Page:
Asia

Bali volcano: What's happening at Mt Agung?

Mount Agung, Bali (24 Sept 2017) Image copyright Reuters

The Indonesian island of Bali is under its highest alert level as an active volcano is showing signs it might be about to erupt.

Volcanic activity is nothing new for Indonesia - it has more volcanoes than anywhere else on Earth. But as an island dependent on agriculture and tourism, Bali has reason to be looking warily at Mt Agung.

What is happening at Mt Agung?

In recent days, large tremors have been taking place around Mt Agung, Bali's biggest mountain.

Image copyright Getty Images
Image caption Tens of thousands of people have already moved away from the volcano

Indonesia experiences earthquakes almost every day, but these have been ominous indications that magma is on the move. Smoke is also being emitted from the crater.

The authorities now say there is a "very high" risk of an eruption. A 12km total exclusion zone has been set up and more than 40,000 people have been moved out of the area.

Has Mt Agung erupted before?

Yes, mostly recently in March 1963, and it was huge. More than 1,000 people were killed.

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Image caption Tremors around the volcano have been increasing in recent days

Most of them were caught in the pyroclastic flow - a fast-moving mix of hot gas and rocks - or by a mix of water and volcanic matter known as lahar, which wiped out several villages. Before that, Mt Agung had been dormant for more than a century.

"We hope this time it will not be that big," Kasbani, head of the Indonesian Centre for Volcanology and Geological Hazard Mitigation, told AFP.

"But we need to be prepared for the worst case scenario and prioritise vigilance."

What are scientists looking for?

The recent seismic activity tells us "something is definitely happening", Dr Janine Krippner, a New Zealand volcanologist based in Pittsburgh, US, told the BBC.

Such behaviour is "very normal for a volcano that is active, potentially leading to an eruption", she says. So scientists will be studying the type of quake and the amount of energy in that quake.

"That can tell you what is happening under the volcano."

But they'll also be looking for what gases the volcano is emitting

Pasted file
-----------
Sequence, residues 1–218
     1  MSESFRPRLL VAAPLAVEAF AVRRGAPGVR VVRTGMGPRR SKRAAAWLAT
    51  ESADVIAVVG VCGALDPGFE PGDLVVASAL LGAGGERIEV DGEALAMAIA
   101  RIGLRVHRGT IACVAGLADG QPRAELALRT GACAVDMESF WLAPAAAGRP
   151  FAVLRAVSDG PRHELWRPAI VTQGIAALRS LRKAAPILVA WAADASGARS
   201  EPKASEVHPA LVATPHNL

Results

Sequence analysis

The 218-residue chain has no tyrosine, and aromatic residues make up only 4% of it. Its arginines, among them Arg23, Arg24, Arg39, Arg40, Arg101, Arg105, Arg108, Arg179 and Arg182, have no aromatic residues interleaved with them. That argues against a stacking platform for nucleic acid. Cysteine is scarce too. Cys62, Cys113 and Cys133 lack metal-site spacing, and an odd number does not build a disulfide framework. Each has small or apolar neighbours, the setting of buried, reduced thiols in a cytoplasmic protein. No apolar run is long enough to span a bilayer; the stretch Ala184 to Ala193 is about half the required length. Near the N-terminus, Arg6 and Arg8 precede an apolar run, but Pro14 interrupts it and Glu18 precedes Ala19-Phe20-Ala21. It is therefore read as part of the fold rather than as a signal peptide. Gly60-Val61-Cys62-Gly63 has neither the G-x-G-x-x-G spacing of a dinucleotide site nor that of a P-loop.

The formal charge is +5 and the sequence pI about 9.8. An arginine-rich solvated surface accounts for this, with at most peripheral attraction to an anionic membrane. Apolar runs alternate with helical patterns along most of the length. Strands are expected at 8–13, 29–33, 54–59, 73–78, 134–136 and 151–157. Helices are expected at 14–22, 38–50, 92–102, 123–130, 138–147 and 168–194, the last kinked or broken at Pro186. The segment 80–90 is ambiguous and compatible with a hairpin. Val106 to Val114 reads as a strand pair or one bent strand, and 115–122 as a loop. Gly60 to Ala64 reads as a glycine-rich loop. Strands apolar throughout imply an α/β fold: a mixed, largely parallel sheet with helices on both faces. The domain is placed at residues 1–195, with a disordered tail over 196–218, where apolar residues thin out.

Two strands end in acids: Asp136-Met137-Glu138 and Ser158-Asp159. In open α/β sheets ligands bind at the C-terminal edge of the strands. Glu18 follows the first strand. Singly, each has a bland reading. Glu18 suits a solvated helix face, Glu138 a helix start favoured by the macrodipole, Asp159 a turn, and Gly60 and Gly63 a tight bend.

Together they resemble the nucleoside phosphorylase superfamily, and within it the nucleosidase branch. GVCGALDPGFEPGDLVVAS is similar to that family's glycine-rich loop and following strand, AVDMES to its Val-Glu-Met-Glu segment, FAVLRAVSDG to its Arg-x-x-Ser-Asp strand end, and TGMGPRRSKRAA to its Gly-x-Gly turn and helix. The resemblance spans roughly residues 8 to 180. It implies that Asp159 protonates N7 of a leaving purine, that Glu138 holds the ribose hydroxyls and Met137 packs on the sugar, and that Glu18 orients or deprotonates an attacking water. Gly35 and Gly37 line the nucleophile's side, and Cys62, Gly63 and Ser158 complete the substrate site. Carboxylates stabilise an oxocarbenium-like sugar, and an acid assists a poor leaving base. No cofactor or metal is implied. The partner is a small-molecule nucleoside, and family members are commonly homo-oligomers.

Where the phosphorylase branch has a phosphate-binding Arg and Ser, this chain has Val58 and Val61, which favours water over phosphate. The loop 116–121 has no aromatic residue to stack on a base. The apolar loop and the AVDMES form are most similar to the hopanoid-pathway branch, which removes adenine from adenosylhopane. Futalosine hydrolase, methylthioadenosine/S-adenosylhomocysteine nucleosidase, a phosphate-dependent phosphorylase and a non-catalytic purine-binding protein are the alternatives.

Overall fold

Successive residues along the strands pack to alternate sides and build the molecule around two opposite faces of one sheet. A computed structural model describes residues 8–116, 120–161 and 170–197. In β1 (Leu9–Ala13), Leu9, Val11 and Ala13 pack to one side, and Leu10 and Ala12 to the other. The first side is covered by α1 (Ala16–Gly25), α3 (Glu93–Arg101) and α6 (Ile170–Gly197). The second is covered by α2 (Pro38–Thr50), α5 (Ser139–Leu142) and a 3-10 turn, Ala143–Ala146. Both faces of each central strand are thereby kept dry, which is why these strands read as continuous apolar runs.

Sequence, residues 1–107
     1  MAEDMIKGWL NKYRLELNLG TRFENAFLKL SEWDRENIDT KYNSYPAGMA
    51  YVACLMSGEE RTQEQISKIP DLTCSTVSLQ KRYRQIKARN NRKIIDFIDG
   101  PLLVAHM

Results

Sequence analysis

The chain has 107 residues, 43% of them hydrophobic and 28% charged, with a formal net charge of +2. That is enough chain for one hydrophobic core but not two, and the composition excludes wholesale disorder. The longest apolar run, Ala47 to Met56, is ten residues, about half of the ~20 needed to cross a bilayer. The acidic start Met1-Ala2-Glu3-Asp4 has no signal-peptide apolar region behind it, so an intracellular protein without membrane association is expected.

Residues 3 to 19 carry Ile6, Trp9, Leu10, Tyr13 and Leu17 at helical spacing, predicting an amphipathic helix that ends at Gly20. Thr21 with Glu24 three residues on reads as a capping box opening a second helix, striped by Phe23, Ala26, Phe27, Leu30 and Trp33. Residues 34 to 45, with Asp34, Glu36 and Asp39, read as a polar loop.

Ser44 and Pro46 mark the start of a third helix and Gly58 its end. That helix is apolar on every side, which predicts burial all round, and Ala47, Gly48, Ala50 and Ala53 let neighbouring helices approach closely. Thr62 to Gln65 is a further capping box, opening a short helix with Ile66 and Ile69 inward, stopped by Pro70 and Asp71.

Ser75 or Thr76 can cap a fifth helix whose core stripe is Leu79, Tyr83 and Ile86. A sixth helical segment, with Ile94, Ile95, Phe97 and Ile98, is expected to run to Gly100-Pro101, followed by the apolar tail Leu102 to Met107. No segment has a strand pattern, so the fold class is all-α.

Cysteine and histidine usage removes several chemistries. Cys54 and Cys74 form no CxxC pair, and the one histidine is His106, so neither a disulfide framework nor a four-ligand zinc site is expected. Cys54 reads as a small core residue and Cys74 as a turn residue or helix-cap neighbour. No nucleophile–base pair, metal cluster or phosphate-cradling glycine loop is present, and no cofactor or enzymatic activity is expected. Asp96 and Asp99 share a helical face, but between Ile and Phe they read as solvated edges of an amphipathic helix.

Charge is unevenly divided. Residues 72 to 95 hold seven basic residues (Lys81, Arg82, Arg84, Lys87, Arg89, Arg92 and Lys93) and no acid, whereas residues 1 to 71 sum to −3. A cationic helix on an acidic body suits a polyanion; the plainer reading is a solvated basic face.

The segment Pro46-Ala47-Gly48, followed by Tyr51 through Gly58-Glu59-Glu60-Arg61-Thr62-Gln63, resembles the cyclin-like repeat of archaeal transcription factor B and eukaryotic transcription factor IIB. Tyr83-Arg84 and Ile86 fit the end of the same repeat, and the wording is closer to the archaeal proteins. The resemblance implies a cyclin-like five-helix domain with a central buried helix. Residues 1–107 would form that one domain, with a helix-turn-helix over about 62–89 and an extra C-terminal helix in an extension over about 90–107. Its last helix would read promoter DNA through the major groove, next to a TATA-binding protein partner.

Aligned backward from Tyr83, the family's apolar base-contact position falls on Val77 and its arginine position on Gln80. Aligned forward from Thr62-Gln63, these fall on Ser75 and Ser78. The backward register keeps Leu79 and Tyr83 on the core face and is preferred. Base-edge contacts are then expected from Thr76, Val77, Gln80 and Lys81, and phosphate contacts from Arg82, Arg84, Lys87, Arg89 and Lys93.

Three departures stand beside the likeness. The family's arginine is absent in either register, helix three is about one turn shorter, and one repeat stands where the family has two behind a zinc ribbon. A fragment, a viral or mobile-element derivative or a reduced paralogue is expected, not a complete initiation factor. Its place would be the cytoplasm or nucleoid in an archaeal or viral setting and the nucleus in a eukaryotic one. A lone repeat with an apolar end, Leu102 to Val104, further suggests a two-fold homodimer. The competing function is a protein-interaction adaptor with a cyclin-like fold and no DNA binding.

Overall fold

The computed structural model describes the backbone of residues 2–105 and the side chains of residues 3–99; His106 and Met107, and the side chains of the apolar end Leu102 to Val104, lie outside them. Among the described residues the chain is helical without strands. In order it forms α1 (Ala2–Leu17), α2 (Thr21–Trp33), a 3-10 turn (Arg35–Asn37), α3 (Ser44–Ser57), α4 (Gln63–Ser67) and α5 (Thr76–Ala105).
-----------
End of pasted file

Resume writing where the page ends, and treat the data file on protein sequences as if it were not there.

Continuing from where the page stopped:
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Image caption People living in the danger zone have been moved into temporary shelters
Image copyright AFP
Image caption Not everyone will be able to take their cattle with them when they leave

Dr Krippner compared volcanoes to a bottle of fizzy drink - when the cap is on you know the gas is there, but you can't see it. When you take the top off, the gas rushes out.

"That's what volcanoes do, as the magma is moving up. Different types of gas start coming out at different depths."

Will there definitely be an eruption?

No, says Dr Krippner.

Image copyright Getty Images
Image caption Despite being in the evacuation zone, Hindu worshippers were offering prayers for safety at Besakih temple

"You can't tell when a volcano will erupt. You can't tell how big it will be and you can't tell how long it will last."

What you can do, however, is be prepared.

How are people being kept informed

Based on scientific advice, the authorities issue hazard maps, highlighting the areas that might be at risk from lava or pyroclastic flow, and share that information through the mainstream and social media.

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Image caption Hazard maps highlight the areas which have been evacuated and might be at risk in an eruption

Dr Krippner says translating complex information to local people - and convincing them to believe it and leave - is a key challenge for scientists and emergency services.

The head of the disaster mitigation department has been putting out regular advice on Twitter (in Bahasa), but there's always room for confusion and rumour.

He's also been shooting down various hoaxes, including a video doing the rounds which claims to show Mt Agung erupting. It's actually a scene from a much earlier eruption of Mt Sinabung on Sumatra.

Should I cancel my holiday?

Bali is about 246km across at its widest. Most of the tourist facilities and the airport are located in the far south, in Kuta and Seminyak, close to the airport and a long way from Mt Agung, in the far east.

There is no indication that any of those areas are in danger of being caught up directly an eruption.

But if the volcano does erupt, you might find yourself staying in Bali a lot longer than you planned, because it would shut down the airspace.

A few more days on the beach might sound good, but bear in mind your insurance might not cover any costs you incur. So check with your insurer.

Bucek, who manages an office for Adventure Indonesia in Sanur, on the south-east coast, said so far he's had no calls about cancellations.

The Pura Besakih temple, Bali's biggest temple, is on the slopes of Mt Agung so visits to that are off, but other tours are still going ahead. Most of his guests, he says, are there for the beach anyway.

As of Monday morning the Bali tourism board says there is no impact on flights or ferries on and off the island.

Bucek, who uses only one name like many Indonesians, says it's previously taken one or two weeks for flight bans to be totally lifted.

Until then, he says, the tourism industry will continue working as usual. "Hopefully it won't erupt," he says.

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